Scriptwriter Ranjan Pramod is back in cinemas with his second directorial venture Rose Guitarinaal.

Ranjan Pramod is the scriptwriter of some of Malayalam cinema’s biggest box office hits such as Meesa Madhavan, Manassinakkare, Achuvinte Amma and Naran. Although Ranjan was not able to replicate the success when he turned director with the Mohanlal-starrer Photographer, he is confident that his second film Rose Guitarinaal, which is ready to hit cinemas, would be received well by viewers.

“It is a musical romance featuring fresh faces. I am introducing Athmiya as the heroine, as well as Richard Joy Thomas, who plays one of the leads. Rejith Menon, Manu, Jagadeesh, director Joy Mathew and Thara Kalyan are some of the main actors,” says Ranjan.

Rose Guitarinaal is a love story, but it has many layers, says the scriptwriter-turned-director. “It may look like a straightforward love story, but there is more to the film. It is also about differences in class and lifestyles. And it will be visually pleasing too,” he elaborates.

There are eight songs in Rose Guitarinaal, all composed by Shahabaz Aman. “There are no duets. Imagine a love story without duets! I am introducing some new voices too – Kavya Ajith, Parvathy, Alfred Charles Nazrath and myself. I have sung the song, ‘Moonga…’, in reggae style. Shahabaz, Gayatri and Neha Nair have also sung for the film,” says Ranjan. Incidentally, the late music composer Johnson had scored the music for Photographer, acing the charts with ‘Enthe Kannanu karupu niram …’, sung by K.J. Yesudas. “It was Johnson’s first film after a four-year break. I have fond memories of working with Johnson,” says Ranjan.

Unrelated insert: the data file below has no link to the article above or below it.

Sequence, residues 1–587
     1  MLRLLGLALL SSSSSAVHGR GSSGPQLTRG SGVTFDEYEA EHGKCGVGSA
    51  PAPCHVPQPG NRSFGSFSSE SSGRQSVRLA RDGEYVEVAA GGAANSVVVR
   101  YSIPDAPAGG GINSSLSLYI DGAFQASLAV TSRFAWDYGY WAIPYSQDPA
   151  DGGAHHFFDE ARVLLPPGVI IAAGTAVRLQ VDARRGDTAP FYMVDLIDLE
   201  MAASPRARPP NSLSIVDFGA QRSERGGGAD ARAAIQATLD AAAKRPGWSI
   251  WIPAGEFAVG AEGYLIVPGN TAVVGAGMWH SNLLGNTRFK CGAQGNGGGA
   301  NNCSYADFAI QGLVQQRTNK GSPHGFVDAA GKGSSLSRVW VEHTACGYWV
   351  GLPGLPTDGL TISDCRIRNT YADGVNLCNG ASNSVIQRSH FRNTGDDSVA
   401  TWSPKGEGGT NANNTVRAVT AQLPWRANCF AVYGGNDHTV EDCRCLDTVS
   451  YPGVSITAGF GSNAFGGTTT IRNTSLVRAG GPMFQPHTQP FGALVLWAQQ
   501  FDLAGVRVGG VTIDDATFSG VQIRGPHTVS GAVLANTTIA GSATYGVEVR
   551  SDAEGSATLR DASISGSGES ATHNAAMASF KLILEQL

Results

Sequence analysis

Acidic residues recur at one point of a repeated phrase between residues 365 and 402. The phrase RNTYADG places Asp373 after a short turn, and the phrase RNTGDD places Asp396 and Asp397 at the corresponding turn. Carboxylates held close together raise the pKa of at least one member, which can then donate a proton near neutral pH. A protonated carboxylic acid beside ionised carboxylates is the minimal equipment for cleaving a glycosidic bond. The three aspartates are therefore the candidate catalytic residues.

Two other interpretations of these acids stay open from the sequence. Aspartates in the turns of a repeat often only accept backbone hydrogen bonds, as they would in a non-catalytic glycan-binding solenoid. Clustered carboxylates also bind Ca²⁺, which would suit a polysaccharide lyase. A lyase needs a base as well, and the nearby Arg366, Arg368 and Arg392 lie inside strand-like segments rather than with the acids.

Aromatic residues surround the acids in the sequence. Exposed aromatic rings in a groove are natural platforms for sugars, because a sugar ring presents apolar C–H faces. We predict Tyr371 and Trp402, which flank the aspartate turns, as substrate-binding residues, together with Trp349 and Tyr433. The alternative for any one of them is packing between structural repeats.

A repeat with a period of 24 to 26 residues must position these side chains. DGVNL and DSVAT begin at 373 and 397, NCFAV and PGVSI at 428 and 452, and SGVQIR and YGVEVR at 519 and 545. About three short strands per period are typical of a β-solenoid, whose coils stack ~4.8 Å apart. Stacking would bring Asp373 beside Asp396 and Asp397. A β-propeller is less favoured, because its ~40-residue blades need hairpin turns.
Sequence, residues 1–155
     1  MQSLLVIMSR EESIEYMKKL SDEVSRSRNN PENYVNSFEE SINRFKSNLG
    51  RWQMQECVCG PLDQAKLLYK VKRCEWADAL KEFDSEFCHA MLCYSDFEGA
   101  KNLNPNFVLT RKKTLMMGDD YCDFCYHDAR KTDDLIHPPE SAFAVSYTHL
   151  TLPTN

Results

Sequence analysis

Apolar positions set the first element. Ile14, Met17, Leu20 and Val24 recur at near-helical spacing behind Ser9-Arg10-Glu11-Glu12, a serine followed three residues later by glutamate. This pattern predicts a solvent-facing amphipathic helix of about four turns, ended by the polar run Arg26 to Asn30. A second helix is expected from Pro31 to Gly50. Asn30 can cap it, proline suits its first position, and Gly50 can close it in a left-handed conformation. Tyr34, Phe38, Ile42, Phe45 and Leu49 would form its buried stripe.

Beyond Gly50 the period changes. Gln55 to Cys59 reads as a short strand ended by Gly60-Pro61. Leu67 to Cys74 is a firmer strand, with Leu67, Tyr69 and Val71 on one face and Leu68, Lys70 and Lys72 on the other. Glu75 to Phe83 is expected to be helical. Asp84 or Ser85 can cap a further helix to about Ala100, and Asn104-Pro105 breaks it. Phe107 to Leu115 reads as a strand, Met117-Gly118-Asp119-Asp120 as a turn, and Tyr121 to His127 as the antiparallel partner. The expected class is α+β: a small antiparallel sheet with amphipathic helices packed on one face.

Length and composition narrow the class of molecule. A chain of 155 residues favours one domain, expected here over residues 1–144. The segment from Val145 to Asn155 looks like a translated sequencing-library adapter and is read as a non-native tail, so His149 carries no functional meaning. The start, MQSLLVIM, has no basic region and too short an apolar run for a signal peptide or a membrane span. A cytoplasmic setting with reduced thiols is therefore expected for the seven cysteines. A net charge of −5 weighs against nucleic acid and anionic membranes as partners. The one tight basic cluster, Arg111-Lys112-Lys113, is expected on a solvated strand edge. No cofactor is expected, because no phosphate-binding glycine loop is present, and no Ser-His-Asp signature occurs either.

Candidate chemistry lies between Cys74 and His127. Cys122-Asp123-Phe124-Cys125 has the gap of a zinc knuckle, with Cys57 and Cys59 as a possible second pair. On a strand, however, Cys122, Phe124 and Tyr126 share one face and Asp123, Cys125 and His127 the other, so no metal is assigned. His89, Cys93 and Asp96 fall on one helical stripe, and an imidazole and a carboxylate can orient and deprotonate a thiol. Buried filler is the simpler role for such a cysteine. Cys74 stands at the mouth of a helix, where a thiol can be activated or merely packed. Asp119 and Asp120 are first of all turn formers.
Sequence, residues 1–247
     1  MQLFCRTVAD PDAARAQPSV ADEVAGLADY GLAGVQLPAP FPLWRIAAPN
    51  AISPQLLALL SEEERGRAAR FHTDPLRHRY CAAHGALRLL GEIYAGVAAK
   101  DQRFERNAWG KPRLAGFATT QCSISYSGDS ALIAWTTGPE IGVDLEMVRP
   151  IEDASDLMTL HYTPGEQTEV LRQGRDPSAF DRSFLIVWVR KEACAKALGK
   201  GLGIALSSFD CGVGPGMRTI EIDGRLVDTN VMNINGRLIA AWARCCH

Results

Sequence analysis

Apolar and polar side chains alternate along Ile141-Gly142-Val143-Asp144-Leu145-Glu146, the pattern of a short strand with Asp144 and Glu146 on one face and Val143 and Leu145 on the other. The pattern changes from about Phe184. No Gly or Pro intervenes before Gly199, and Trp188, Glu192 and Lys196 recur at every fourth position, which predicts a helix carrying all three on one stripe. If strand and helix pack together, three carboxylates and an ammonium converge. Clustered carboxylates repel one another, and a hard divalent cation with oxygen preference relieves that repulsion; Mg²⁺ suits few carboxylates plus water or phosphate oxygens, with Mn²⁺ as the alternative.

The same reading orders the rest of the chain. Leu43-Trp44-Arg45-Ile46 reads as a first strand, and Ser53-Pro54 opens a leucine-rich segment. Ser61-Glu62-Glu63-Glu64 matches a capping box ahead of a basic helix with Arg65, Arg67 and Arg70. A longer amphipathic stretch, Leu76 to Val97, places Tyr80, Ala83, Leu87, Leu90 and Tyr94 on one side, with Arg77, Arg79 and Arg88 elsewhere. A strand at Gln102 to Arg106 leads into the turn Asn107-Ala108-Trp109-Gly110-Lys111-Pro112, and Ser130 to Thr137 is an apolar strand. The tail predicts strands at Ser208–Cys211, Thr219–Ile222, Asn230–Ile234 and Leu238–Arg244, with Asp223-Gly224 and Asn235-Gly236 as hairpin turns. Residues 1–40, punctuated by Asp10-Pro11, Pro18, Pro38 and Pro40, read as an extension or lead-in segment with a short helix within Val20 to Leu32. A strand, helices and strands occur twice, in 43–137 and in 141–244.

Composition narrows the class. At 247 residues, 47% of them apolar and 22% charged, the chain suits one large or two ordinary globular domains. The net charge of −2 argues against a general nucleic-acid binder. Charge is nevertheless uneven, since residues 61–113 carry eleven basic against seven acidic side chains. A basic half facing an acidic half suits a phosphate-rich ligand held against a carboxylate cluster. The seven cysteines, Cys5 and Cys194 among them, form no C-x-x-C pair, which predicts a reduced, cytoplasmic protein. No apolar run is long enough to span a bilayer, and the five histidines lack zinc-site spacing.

He seems to have a few other “firsts and comebacks” too…. “ Sheela made her comeback with Manassinakkare, in which Nayanthara also made her debut,” says the director, who himself is back in the business after six years.

“I took a sabbatical because I felt that life is not just about films. My reasons were philosophical. I thought there were other things that I wanted to do in life, which were more important than making films. And I never wanted to spend my entire life on film sets, anyway,” he says.

And his thoughts about Malayalam cinema of today? “It hasn’t changed that much during the past few years that I have been away. Yes, some new directors have come and they have made some films that have been well-appreciated,” says the director.

He also seems quite unfazed by Photographer’s lacklustre response at the box office. “I don’t regret Photographer. I feel that it didn’t get a fair run in theatres. However, it was well-appreciated after it was released on DVD and then telecast on television. The reviews were extremely positive. The film was political and spiritual too,” he says.